MILWAUKEE — Who says you can’t rewrite history?
A year after he shipped closer Jeremy Jeffress to the Texas Rangers, Milwaukee Brewers general manager David Stearns re-acquired the right-hander Monday in a potential low-risk, high-reward deal ahead of baseball’s annual non-waiver trade deadline.
Jeffress, acquired in exchange for minor league right-hander Tayler Scott, had been struggling this season, going 1-2 with a 5.31 ERA in 39 appearances for the Rangers. But Stearns thinks a change of scenery could help him regain the form he showed last season, when he saved 27 games and posted a 2.22 ERA in 47 appearances before he was sent to Texas along with catcher Jonathan Lucroy.
“Things have not gone as well for (Jeffress) since we traded him last year to Texas, but the arm strength is still there,” Stearns said. “He’s still the same guy. We still think he can get big outs and the goal here is to get him back to a comfortable setting and a place where he’s performed well and get that level of performance back.”
Stearns said the deal was all he could muster at the trade deadline Monday afternoon.
“It was active,” Stearns said. “I can say we were quite literally exchanging names down to the last 10 minutes with other players involved.
“At this point, weren’t able to get anything else across the finish line, but that’s sometimes how it goes at deadlines.”
That doesn’t mean the Brewers are done dealing. They could still be active players over the next month as the waiver-trade deadline approaches.
It’s common practice for teams to put a number of their pricier veteran players on waivers in August.
That was the case last season when the Brewers and Dodgers negotiated a potential deal for Ryan Braun, only for it to fall apart in the final minutes prior to the deadline.
“I think there may be more (August trades) than perhaps we’re accustomed to,” Stearns said. “Whether or not we’re involved with one, I don’t really know.
“I think there were likely some deals that didn’t quite happen right before the deadline that potentially can be picked up throughout the industry over the coming weeks.”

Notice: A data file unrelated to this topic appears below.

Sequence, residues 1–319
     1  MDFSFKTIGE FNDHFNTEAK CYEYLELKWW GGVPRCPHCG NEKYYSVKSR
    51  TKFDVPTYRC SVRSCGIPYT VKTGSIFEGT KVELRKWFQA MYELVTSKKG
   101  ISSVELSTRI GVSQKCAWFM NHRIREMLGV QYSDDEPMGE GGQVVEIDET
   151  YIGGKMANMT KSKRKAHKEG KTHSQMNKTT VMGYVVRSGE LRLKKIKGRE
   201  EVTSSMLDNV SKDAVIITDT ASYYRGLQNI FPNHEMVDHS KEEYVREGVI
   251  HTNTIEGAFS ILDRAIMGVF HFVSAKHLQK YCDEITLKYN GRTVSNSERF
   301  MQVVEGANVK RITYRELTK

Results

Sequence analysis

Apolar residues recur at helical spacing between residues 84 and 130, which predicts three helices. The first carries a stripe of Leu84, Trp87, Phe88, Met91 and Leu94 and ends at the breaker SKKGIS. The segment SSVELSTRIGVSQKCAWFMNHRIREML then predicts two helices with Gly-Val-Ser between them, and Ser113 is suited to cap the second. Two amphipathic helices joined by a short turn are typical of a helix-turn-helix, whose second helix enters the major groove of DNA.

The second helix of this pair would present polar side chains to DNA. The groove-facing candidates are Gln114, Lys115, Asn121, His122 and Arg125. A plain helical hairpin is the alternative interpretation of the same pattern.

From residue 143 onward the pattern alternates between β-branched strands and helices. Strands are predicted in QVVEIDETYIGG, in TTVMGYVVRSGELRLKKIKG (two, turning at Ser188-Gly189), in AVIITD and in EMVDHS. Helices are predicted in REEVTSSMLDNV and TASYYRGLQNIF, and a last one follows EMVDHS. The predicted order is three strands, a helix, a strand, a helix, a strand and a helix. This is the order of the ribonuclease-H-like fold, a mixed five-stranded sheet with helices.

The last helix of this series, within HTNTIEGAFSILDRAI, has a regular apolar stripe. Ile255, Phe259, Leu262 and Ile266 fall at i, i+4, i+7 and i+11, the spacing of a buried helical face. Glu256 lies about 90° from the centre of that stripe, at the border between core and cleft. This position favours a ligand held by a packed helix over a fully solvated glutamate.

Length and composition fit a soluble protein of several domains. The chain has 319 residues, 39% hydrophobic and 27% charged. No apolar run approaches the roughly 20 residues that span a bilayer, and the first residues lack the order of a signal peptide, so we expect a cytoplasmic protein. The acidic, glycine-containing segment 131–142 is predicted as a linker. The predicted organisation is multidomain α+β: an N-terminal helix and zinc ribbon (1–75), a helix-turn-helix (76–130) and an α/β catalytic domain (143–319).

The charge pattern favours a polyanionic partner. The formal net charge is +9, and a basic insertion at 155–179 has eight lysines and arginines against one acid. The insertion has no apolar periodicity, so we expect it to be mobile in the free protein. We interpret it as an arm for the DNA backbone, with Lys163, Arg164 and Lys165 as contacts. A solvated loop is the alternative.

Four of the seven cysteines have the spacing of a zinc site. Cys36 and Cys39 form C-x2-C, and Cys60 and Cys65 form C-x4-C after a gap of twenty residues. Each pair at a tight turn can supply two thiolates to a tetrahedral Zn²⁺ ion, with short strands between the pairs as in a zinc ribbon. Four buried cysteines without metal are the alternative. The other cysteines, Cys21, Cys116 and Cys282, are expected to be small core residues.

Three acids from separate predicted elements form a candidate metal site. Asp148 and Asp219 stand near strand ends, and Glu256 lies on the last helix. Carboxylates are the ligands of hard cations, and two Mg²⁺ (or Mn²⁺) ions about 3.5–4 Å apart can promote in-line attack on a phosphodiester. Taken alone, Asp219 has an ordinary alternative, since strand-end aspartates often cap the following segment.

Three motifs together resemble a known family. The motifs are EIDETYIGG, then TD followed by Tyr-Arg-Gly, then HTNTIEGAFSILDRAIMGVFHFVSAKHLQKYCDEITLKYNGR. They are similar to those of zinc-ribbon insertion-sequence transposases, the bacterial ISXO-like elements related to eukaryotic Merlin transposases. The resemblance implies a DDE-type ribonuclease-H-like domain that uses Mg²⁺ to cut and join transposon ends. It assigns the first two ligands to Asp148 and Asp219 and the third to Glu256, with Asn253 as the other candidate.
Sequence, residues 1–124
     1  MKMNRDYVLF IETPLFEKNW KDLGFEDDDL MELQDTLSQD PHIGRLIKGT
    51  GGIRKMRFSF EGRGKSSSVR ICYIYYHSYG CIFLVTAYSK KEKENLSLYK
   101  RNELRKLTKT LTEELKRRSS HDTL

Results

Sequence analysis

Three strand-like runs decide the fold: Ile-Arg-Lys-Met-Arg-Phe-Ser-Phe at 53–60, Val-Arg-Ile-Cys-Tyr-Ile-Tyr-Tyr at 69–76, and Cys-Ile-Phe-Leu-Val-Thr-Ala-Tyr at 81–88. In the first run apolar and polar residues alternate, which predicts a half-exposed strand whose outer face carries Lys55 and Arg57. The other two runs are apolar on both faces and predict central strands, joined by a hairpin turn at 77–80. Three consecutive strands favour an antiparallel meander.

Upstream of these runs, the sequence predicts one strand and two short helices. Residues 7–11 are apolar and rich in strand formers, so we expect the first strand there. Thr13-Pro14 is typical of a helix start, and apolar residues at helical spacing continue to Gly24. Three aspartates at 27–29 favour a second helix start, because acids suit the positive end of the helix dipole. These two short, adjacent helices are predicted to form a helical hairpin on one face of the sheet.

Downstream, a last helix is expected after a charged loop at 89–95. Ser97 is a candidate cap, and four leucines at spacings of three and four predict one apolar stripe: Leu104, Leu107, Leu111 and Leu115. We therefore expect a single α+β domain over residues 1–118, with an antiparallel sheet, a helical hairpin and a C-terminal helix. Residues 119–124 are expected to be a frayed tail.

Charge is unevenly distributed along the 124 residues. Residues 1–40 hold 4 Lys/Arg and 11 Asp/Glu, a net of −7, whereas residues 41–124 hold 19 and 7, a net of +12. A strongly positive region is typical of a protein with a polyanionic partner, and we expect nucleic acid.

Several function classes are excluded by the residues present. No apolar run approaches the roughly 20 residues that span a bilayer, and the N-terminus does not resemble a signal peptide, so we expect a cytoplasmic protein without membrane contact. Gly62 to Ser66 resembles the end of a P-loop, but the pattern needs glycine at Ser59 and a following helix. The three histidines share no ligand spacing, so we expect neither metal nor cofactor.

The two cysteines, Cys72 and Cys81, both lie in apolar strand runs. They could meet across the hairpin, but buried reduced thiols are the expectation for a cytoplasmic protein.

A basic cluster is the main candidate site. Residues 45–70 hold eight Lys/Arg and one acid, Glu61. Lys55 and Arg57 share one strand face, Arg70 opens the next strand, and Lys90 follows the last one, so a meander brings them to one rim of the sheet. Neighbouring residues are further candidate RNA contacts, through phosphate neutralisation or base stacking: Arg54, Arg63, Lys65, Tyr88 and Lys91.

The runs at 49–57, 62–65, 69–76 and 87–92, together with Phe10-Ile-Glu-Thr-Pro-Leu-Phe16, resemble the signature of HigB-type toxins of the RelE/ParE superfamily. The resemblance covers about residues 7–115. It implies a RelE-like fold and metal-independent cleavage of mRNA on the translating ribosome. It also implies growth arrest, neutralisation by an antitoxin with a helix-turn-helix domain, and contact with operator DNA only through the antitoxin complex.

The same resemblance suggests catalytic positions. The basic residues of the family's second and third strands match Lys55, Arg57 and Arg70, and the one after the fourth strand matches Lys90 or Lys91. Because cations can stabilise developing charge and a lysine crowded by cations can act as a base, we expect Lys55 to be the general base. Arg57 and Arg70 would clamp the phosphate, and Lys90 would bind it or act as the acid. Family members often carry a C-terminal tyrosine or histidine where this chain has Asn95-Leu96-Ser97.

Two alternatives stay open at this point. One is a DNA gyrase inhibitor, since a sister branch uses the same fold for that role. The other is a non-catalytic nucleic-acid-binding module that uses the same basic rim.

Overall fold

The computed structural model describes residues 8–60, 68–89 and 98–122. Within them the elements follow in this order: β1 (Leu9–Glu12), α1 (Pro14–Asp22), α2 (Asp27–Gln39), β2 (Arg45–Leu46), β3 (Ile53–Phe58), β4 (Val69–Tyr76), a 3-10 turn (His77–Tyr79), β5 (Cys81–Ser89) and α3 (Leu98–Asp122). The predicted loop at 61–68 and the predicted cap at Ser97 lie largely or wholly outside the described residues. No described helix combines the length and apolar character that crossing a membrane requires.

Jeffress appeared in just 12 games for the Rangers last season and missed nearly a month because of a stay at a rehabilitation facility after a drunk driving arrest.
Substance-abuse issues nearly derailed his career before it got started. Jeffress, Milwaukee’s first-round pick in the 2006 draft, was suspended twice for marijuana use while in the minors. But he turned things around and made his big league debut in 2010, then was traded to Kansas City in the deal that brought Zack Greinke to Milwaukee.
After two lackluster seasons with the Royals, Jeffress landed in Toronto but was released after posting a 10.80 ERA in three games. He returned to the Brewers after that, signing a minor league deal, and made quite an impression when he returned to the big leagues late in the 2014 season with a 1.88 ERA in 29 appearances.
A year later, he became a dominant late-inning option with a 2.65 ERA in 75 appearances and became Milwaukee’s closer late in camp last season when Will Smith went down with an injury.
“Familiarity does help,” Stearns said. “I think Jeremy recognizes that the (drunk driving) incident last year was unacceptable. He’s taken ownership of it, he’s apologized for it and has behaved very appropriately since then, so we have confidence that that will continue, and are looking forward to bringing him back.”
To bring Jeffress back, Stearns parted with Scott, a seven-year veteran who was 4-6 with a 2.34 ERA in 42 appearances for Class AA Biloxi this season. The team designated for assignment outfielder Kirk Nieuwenhuis to open a roster spot.
The move was Stearns’ second bullpen-bolstering move of the month. Last week, he acquired Anthony Swarzak from the Chicago White Sox for outfielder Ryan Cordell, who also was part of the Lucroy-Jeffress deal a year ago.
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